Well, the reason behind that again comes from the economic situation of the local people in Indonesia. Many people there can't afford higher-priced LCCs, so the company can only charge them a very limited amount of money. Because of that, the cashflow available to the company is relatively low, so that they seem to wear and tear the fleet in no time.
Higher priced LCCs? For a starter, Lion doesn't really position itself as an LCC, as it still offers food and drinks for free to all its passengers. Indonesia has only 2 carriers that market themselves as LCC with a LCC product: Garuda's Citilink, and Bouraq-offspring Bali Air (which, incidentally, doesn't fly into Bali).
Most other semi-LCC operators in Indonesia are of the same type as Lion, offering a mostly one-class product, but with food and beverage service for all passengers. As for Lion being lower-priced than the others, may of the other carriers, including Merpati, Bouraq, Adam Air, Jatayu, Mandala, Star Air, BAtavia and others, are often cheaper actually. Yet, Lion always seems the shabbiest of them all.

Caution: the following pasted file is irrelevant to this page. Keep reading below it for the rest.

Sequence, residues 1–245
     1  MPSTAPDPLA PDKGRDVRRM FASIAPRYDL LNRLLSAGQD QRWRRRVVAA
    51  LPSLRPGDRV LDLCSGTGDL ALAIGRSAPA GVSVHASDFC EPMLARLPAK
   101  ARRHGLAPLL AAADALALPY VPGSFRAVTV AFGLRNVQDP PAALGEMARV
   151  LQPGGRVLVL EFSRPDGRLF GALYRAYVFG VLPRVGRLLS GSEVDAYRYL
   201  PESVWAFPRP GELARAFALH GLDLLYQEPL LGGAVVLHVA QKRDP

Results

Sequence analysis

Far apart from all the others is Garuda, the only real 2 class operator in Indonesia, with mostly higher fares, although its bottom tarifs are virtually identical with many of its lower cost competitors.
As far as 2-class products goes, apart from Garuda, Mandala operates a number of its aircraft in a 2-class lay-out, which is sold as either Business Class or Super Economy class, depending on the route. Lately, both Bouraq and Lion have started experimenting with Business Class, but I have no info as to the exact status of these trials.
In any case, while I wouldn't have trouble using Mandala or even Bouraq, I have serious questions about Lion. There have been several incidents with this company, and it is only their well-connected management and PR
-machine that have made sure that they're still around and that people are still flying them.